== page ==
For each college, there’s a different safety focus depending on the needs of the local community. In the Midland area, it’s oil and gas. In Kilgore, the majority of their training is industrial, and College of the Mainland focuses heavily on establishing various safety and incident management programs. Breaking from tradition, this year Del Mar College is establishing bus driver training. Using their donation from Texas Mutual, as well as the generous donation of a bus from the Corpus Christi Regional Transportation Authority, the college will expand their existing Class A program to include Class B CDL license training as well. This meets a need in the community to train candidates to be Regional Transit Authority and local school bus drivers.

Texas Mutual’s Vice President of Safety Services Woody Hill visited each of the four colleges to present the grants and had a chance to visit with risk management institute leaders.

“Through the classes at these four safety institutes, more Texas employees are receiving free safety training, giving them tools to be successful in business. Most importantly, we’re taking a big step toward keeping workers safe by providing educational programs,” said Woody.

“These grants, along with other Texas Mutual safety programs, exemplify the company’s ongoing commitment to workplace safety and the prevention of workplace accidents. Workplace safety education is always a sound investment.”

To learn more about each college’s risk management institute, click the links below.

College of the Mainland

Kilgore College

Midland College

Del Mar College

Lessons from the Field: Protect Yourself Near Power Lines

A 27-year-old tree trimmer was electrocuted when the bucket truck he was working from came in contact with an overhead power line.

In an unrelated case, a painter died when his 40-foot aluminum ladder touched a 13.8 kilovolt overhead power line.

Cases of on-the-job injuries involving power lines are common. The Occupational Safety and Health Administration (OSHA) created regulations to help protect your employees. In most cases, OSHA regulations are the “law of the land.” Working near power lines is a rare exception.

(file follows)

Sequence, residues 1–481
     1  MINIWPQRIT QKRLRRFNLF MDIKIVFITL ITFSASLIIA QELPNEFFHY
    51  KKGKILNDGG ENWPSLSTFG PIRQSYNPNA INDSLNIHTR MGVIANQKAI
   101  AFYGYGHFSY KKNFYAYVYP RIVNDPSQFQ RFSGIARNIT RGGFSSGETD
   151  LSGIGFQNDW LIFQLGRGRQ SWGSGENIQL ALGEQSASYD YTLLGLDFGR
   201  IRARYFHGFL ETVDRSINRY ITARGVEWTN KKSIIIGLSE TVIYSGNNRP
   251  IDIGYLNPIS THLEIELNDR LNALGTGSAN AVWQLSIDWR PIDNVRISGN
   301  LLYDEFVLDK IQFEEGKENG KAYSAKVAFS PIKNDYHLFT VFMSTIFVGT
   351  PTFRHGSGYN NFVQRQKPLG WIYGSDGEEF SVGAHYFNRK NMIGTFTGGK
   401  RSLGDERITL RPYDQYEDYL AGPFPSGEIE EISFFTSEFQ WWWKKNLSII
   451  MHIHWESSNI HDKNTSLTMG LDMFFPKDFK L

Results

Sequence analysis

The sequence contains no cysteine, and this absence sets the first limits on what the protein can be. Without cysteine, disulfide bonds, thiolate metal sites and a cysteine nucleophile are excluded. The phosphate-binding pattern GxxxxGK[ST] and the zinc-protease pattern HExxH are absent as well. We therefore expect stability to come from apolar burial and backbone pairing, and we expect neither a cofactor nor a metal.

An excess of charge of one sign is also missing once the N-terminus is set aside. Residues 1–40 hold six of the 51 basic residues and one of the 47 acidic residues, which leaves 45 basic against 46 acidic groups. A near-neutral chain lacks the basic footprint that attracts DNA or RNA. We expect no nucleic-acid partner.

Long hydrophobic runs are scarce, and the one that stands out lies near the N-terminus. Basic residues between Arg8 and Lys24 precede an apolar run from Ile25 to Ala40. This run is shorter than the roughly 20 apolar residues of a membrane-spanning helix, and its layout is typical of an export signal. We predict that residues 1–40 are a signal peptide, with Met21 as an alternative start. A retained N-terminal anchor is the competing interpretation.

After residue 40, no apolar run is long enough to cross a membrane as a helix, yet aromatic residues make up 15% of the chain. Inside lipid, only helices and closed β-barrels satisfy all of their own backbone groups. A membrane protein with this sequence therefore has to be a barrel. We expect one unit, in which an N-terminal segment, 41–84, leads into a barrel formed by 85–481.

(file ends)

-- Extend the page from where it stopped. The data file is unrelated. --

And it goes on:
What’s the issue?

It is critical that employees watch out for each other on the job, especially when working near power lines.

It is critical that employees watch out for each other on the job, especially when working near power lines.

Under OSHA standards, employees must maintain a minimum of 10 feet (scroll to bottom of page for a voltage/clearance table) from overhead power lines. The Texas Health and Safety Code (THSC) supersedes OSHA’s standard, setting the minimum distance at six feet. The six-foot standard applies to employees, tools, materials, machinery and structures such as oil rigs being moved between drilling locations.

What does it mean to you?
The electricity flowing through power lines is strong enough to kill. Most importantly, violating the law could result in the loss of an employee. That is a tragedy you will never recover from. There are also legal implications for employers.

If an employee makes contact with an overhead power line and gets injured while violating the THSC six-foot standard, the employer can be fined. They are also responsible for liability the utility company incurs. Liability can include equipment damage and the costs associated with lawsuits.

How do you protect your employees and your business?
The THSC does not prohibit employees from working within six feet of overhead power lines. It does, however, require employers to take specific steps in advance:

  1. Contact the utility company 48 hours before beginning work.
  2. Coordinate with the utility company to protect your employees. Safety precautions may include temporarily de-energizing and grounding power lines, relocating or raising the lines, or using mechanical barriers to separate the lines from employees, materials and tools.
  3. Reimburse the utility company for expenses associated with step 2. The utility company may require payment in advance.

What else can you do?
Following state and federal laws is a good start toward protecting your employees. If you want to take your safety program beyond compliance, promote these best practices::

  • Do not work near power lines unless you have been properly trained.
  • Locate all overhead and buried power lines before you start working, and post warning signs. To find out where power lines are buried, call 811, use the app or call the utility company.
  • Survey the area for tree limbs and other obstructions, but do not remove them yourself. Report them to your supervisor before starting work.
  • Use nonconductive ladders and tools.
  • Unless you know otherwise, assume power lines are energized.
  • Ask other crew members to watch you closely, especially if you have to use a crane or other high-reaching equipment near a power line.
  • Before you do any non-routine task, such as working above the neutral line, talk to your supervisor.
  • Ensure that no materials are stored under power lines.
  • Use caution tape and signs to cordon off the area under power lines.
  • If a power line falls on your vehicle, do not get out unless the vehicle is on fire. If you must exit, jump clear of the vehicle with your feet together, and continue to “bunny hop” with your feet together.

Get more information
For more information about working near power lines, use these free resources:

For previous installments of “Lessons from the Field,” click the links below: